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Editorial

Cognitive and contextual factors such, efficacy expectations are key deter-
minants of whether the rehabilitation
tasks reach their desired outcome and due
to optimise clinical outcomes consideration must therefore be given to
the dosage, levels of pain reproduced and
in tendinopathy complexity of exercises; what may be consid-
ered best for tissue may not be optimal in
terms of efficacy expectations. For example,
Adrian James Mallows,1 James Robert Debenham,2 Peter Malliaras,3 simple, resistance exercises, completed one
Richmond Stace,4 Chris Littlewood5 at a time may appear suboptimal from
the perspective of exercise physiology,
Tendinopathy, a clinical term used to models. Working alliance and self-ef- yet have shown efficacy in a population
describe ‘tendon-related pain’, is a hetero- ficacy are both associated with adher- with rotator cuff tendinopathy.11 Exercise
geneous clinical presentation, reflected by ence behaviours and rehabilitation prescription should promote self-moni-
the wide-ranging pain presentations and outcome,7 8 yet measures of these factors toring, and appropriate interpretation of
functional deficits.1 For this population, are largely absent from the tendinopathy physiological signs is essential.12 In partic-
load-based exercise is effective; however, research to date. ular, pain response to a load-based exercise
the ‘optimal’ type of exercise, intensity, intervention should be self-monitored and
frequency and duration are not known.2 3 adapted by the individual accordingly to aid
Working alliance
Substantial variety has been a feature of efficacy expectations. Previous guidelines
Working alliance is defined as the positive
the exercise prescription used in tendinop- have included using a visual analogue scale
social connection between the patient and
athy research to date. However, this varia- of no more than 5/10.13 14 However, with
the therapist. A person-centred interaction
tion does not appear to have impacted the sufficient efficacy expectations, the use of
style, related to the provision of emotional
results. Exercise programmes as different as a scale is not required; patients can deter-
support and allowing patient involvement
a concentric-eccentric heavy slow loading mine what pain response is acceptable over
in the consultation processes, develops
programme performed three times per week a 24-hour period themselves.11 This could
working alliance9; this underscores the
and eccentric only exercises performed be judged upon the perceived impact upon
importance of the clinician recognising
twice daily, 7  days/week, have achieved sleep, activities of daily living or work, for
the patient’s physical and emotional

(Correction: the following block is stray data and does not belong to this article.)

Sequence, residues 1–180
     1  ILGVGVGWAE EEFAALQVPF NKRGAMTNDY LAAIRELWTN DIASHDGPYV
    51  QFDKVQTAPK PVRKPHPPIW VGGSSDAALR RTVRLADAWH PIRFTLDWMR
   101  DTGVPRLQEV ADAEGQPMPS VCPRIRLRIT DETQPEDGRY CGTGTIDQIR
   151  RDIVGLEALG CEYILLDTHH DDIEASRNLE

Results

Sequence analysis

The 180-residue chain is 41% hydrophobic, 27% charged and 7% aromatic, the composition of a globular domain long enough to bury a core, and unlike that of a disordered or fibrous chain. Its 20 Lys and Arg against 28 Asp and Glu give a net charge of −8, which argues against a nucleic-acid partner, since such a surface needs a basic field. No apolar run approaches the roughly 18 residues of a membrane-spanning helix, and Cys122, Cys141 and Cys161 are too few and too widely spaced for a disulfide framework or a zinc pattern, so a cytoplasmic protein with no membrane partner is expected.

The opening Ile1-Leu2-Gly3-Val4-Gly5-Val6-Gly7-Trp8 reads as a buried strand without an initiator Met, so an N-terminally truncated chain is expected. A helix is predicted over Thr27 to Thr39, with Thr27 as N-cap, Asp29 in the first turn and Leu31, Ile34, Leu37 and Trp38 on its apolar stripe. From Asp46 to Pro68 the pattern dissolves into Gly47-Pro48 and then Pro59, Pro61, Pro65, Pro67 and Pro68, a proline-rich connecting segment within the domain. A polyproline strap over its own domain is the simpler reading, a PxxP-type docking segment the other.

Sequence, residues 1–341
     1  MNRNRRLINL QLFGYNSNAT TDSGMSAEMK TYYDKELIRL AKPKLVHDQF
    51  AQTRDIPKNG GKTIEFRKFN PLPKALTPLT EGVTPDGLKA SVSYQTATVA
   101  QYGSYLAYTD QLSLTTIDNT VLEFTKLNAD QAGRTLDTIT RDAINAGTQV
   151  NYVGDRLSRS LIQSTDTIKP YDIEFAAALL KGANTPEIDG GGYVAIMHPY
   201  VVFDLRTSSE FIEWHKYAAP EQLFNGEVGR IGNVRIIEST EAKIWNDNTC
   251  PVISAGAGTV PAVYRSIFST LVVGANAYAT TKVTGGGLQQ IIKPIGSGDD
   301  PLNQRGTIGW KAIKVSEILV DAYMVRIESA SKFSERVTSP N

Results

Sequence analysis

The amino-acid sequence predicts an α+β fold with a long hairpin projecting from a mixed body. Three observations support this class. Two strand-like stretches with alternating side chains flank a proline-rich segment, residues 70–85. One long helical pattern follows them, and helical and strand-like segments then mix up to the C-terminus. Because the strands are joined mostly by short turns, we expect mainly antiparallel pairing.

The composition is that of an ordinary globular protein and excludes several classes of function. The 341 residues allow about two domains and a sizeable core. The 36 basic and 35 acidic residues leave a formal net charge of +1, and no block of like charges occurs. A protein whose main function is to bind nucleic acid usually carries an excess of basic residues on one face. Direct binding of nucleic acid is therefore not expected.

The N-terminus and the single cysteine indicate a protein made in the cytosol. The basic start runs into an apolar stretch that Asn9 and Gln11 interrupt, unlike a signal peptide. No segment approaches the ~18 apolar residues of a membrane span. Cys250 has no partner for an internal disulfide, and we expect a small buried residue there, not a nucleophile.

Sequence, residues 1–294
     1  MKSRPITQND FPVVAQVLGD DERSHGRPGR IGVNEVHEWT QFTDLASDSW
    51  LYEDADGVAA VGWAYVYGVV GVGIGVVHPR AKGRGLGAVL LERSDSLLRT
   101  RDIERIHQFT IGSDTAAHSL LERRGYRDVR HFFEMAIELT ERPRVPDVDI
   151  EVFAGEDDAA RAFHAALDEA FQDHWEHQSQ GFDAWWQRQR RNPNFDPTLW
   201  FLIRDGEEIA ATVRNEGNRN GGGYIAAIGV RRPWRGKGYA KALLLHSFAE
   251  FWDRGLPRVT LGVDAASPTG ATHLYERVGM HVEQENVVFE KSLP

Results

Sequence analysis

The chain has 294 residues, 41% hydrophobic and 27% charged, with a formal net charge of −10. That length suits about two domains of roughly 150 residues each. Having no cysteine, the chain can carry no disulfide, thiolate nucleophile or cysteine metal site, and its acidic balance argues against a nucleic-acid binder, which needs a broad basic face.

similar results.4 While within-group example.
needs. To facilitate this, clinicians should
mean severity scores improve, individual practise skills such as active listening,
responses are wide ranging for the same paraphrasing and inviting the patient’s Outcome expectations
exercise programme4 and success rates vary opinion; consider initially avoiding inter- Outcome expectations relate to a person’s
from 44% failing to improve5 to 100% ruptions, allowing the patients to tell their estimate that a given behaviour will lead
success6 for a similar exercise intervention. story. Within this interaction, the clinician to certain outcomes. Reduced outcome
Here we discuss a novel consideration to can monitor the patient’s self-efficacy indi- expectations, along with negative expec-
explain such phenomena—cognitive and cators via questioning to establish efficacy tations, such as a fear, concerns and uncer-
contextual factors that affect each individual expectations and outcome expectations. tainty surrounding potential future damage
therapeutic encounter. We acknowledge Questions aimed at understanding the to the tendon, have been identified in
that heterogeneity in the research cohorts patient’s experience with rehabilitation, people with Achilles tendinopathy.10 Such
(eg, age, sex, chronicity, comorbidities) or hopes for the future and the expected role negative outcome expectations should be
variations in how the exercise programme of exercise have been highlighted.10 discussed, challenged and reconceptual-
was delivered and progressed likely play a ised, as they will be a critical determinant
role, but we focus on factors we feel have Efficacy expectations of engagement with a load-based exer-
received little attention. We refer to efficacy expectations as the cise programme. For example, concerns
patient’s beliefs about his or her ability around the risk of tendon rupture could
Psychosocial impact to perform the rehabilitation tasks, and be explored with the clinician highlighting
Beliefs and fears have received little atten- to maintain control, engagement and the disparity between painful tendons
tion in current tendinopathy management persistence when faced with adversity. As preceding a rupture.15
1
School of Sport, Rehabilitation and Exercise Sciences,
University of Essex, Colchester, UK
2
School of Physiotherapy, University of Notre Dame
Australia, Fremantle, Western Australia, Australia
3
Department of Physiotherapy, School of Primary Health
Care, Faculty of Medicine, Nursing and Health Sciences,